Pio Cesare Barolo 1997
Nebbiolo from Piedmont, Italy
This classic Barolo is a blend of four different prime sites in the Barolo zone, each contributing its unique qualities to the final blend. Most come from the Ornato vineyard, which contributes about 65% of the final blend. Pio Cesare owns a vineyard in Grinzane Cavour, which contributes bouquet, while the family also receives grapes from growers in Monforte d'Alba (for depth and suppleness) and Castiglione Falletto (for finesse). These growers have worked with Pio Cesare for generations and rely upon Pio's direction in vineyard practice. It is the contributing factor of these sites that ultimately allow Pio to craft a Barolo that maintains a reputation of excellence.
Wine Spectator - "Medium red, with hints of garnet on the edge. Aromas of very ripe strawberry, with cedar, dried mushroom and spices. Fabulous roses on the nose. Full-bodied, with seductive flavors and textures. Strawberry, tea, tar and roses galore, yet refined and subtle. So very long and dense, yet balanced and beautiful. Even better than I remember. This was our No. 7 wine in 2001."
Vinous / Antonio Galloni - "From cask: Deep ruby red. Floral, perfumed aromas of syrupy red fruits. Extremely sweet and very concentrated; a real fruit bomb today, showing thick, sappy, very pure primary flavors. The sweet tannins are currently hidden by fruit. A terrific sample. From barrique: Deep ruby red. Reduced, gamey nose seems rather unformed. A bit loose knit in the mouth, but shows extraordinary sweetness and lush texture. A real wall of fruit. This tastes totally new, as if it just left the fermentation tank. The ultimate blend should merit a score in the 91-93 range.
The Wine Advocate - "The 1997 Barolo was performing well prior to bottling. Broad, sweet, fat flavors with considerable glycerin and alcohol are present in this full-bodied, structured, powerful, muscular Barolo. Anticipated maturity: 2003-2020.
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Pio Cesare Winery
Pio Cesare has been producing wine for more than 100 years and through generations. The tradition began in 1881, when Pio Cesare started gathering grapes in his vineyards and purchasing those of some selected and reliable farmers in the hills of Barolo and Barbaresco districts.
At Pio Cesare, there has always been a conviction that great wine can come only from the finest grapes and the winery's output has always been limited through adherence to the highest standards. Pio Cesare limits its production by using only the most mature and healthy grapes. The ripening of the grapes is carefully monitored and the harvest is rigidly controlled with each grape selected by hand.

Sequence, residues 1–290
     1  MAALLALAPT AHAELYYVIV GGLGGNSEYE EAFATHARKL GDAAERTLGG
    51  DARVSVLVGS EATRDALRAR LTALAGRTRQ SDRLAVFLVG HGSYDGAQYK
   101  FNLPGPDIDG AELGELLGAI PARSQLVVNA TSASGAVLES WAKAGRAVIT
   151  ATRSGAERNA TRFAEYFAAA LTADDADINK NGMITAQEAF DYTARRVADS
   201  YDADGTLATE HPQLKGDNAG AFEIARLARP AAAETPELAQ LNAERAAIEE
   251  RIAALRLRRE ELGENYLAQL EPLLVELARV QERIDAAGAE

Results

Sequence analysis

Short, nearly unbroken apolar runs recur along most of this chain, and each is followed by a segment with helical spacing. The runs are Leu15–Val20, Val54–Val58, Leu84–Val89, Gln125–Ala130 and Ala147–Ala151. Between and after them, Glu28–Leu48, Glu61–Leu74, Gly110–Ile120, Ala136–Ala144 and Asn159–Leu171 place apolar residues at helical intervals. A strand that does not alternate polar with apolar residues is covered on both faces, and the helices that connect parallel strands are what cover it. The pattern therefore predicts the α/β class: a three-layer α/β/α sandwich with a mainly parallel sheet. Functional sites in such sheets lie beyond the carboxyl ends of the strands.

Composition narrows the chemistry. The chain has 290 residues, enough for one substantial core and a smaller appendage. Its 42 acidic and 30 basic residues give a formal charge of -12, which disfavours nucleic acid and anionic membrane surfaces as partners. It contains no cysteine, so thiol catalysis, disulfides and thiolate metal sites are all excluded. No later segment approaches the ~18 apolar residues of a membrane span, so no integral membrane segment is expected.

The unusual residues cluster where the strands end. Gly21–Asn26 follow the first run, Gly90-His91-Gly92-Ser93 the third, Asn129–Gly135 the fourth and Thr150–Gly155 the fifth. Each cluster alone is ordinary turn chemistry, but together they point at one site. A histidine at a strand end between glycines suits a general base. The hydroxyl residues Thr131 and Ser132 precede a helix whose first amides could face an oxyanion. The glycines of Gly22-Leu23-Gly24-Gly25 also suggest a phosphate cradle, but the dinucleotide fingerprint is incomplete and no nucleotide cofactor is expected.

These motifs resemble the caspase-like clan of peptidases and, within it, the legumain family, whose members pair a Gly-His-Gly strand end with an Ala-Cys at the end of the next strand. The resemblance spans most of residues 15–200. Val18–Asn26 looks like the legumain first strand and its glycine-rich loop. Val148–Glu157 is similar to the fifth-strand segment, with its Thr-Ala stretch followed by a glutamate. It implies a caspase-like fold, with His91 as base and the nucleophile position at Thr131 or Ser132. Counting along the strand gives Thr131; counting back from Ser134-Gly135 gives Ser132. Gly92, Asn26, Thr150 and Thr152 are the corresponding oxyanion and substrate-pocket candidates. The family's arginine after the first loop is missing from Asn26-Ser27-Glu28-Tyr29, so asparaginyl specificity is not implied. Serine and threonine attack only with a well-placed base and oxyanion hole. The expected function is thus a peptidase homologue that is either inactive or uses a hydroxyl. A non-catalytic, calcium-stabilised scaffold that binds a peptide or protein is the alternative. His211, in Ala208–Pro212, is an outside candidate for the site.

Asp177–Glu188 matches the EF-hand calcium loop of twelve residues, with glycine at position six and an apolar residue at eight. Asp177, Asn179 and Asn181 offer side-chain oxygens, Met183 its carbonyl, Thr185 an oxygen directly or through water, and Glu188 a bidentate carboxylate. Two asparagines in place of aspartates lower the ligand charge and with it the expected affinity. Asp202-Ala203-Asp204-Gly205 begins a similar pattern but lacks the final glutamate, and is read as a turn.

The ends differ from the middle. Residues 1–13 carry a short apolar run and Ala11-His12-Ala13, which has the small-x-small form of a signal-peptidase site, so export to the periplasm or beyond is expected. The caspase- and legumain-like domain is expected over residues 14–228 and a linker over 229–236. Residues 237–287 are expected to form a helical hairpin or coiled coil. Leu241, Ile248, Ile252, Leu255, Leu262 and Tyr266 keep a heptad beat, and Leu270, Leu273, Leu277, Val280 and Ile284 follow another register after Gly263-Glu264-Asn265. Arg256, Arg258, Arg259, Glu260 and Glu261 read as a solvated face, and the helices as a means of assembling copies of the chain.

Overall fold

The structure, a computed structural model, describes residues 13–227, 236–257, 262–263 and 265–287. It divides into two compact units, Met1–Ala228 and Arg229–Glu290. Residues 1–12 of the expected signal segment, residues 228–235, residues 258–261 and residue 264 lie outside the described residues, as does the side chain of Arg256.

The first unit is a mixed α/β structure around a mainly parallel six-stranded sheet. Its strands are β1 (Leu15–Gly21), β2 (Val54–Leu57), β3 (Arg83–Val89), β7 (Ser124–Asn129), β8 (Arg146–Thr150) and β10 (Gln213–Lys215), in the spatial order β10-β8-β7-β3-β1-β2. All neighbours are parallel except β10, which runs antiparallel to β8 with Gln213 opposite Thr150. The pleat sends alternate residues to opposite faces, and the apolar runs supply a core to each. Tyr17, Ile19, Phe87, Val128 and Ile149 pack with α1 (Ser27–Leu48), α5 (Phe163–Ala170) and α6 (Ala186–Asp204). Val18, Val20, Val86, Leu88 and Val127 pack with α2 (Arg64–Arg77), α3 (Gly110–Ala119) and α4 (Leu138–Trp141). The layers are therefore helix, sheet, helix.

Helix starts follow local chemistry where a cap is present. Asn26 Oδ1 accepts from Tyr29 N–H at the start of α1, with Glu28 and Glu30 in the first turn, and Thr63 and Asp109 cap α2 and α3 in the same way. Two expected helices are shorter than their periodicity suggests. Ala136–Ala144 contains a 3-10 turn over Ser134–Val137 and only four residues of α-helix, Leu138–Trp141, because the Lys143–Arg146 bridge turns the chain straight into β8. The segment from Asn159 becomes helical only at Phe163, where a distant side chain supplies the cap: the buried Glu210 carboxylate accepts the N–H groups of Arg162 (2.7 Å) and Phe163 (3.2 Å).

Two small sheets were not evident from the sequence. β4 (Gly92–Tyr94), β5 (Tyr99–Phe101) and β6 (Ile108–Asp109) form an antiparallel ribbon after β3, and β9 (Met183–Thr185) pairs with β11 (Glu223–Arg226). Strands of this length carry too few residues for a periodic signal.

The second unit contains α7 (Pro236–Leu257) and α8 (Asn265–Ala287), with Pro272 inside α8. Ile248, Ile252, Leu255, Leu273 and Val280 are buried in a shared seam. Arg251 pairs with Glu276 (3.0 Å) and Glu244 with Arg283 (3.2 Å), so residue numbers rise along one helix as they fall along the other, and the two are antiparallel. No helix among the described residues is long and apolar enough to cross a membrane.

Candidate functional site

Today, the estate is managed by Pio Boffa, great-grandson of Pio Cesare. Under his stewardship, the wines of Pio Cesare have become famous throughout the world. Great strides have been made in quality, and single vineyard offerings have dazzled the wine press. View all Pio Cesare Wines
About PiedmontView a map of Piedmont wineries (PEED-mont)
Notable FactsNot just regulated to red wine, Piedmont also produces some notable whites, particularly those near the district of Gavi and Asti. Gavi produces still white wine from the Cortese grape. The wine is dry with a crisp, citrus-like acidity – fairly neutral but pleasant. Arneis is another grape/wine made in the area, creating a fuller wine that displays some nuttiness in the aroma and taste. Asti is well known for its sparkling wine – in particular Asti Spumante and Moscato d'Asti. Asti Spumante is typically higher in alcohol, sweetness & fizziness, while its higher-class cousin, Mostcato d'Asti, contains lower alcohol levels, a few less bubbles, and a more restrained and delicate representation of Moscato fruit.
A little ditty about Italy...This country has about as many wines as its had governments. With 20 different regions, hundreds of DOCs and even more indigenous varieties, the amount of wine made in Italy is mind-boggling. Most of the juice, however, remains in the country for thirsty Italians. Wine is food in Italy and its rare that a meal is consumed without a glass of vino. That said, it's not common to find many folks drinking wine without food either. In turn, it's a match, and a mighty good one at that. In fact, it's safe to say that Italian wine is a foodie wine – one that goes on the table for a myraid of meals.
For regions, the most popular are Tuscany (home of Chianti), Piedmont and the Tre-Venezie, which includes Veneto, Trentino Alto-Adige and Friuli. Other communes of note are in Southern Italy, and a few good wines are made elsewhere in the country. The islands of Sardinia and Sicily are members of the Italian winemaking community as well.
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Alcohol By Volume GuideMost wine ranges from 10-16% alcohol by volume. Some varietals tend to have higher (for example Zinfandel and Cabernet Sauvignon) or lower alcohol levels (Pinot Noir and many white varietals), but there is always some variation from producer to producer. Some wine falls outside of this range, for instance Port weighs in closer to 20%, while Muscat and Riesling are usually a bit below 10%.
Wine Style Guide
Light & Crisp
- Light to medium bodied wines that are high in acid and light to medium fruit. Typically no oak.
Fruity & Smooth
- Light to medium bodied wines with lots of juicy fruit, typically medium acid and medium oak.
Rich & Creamy
- Full bodied wines that have typically undergone malo-lactic fermentation and/or spent time in oak.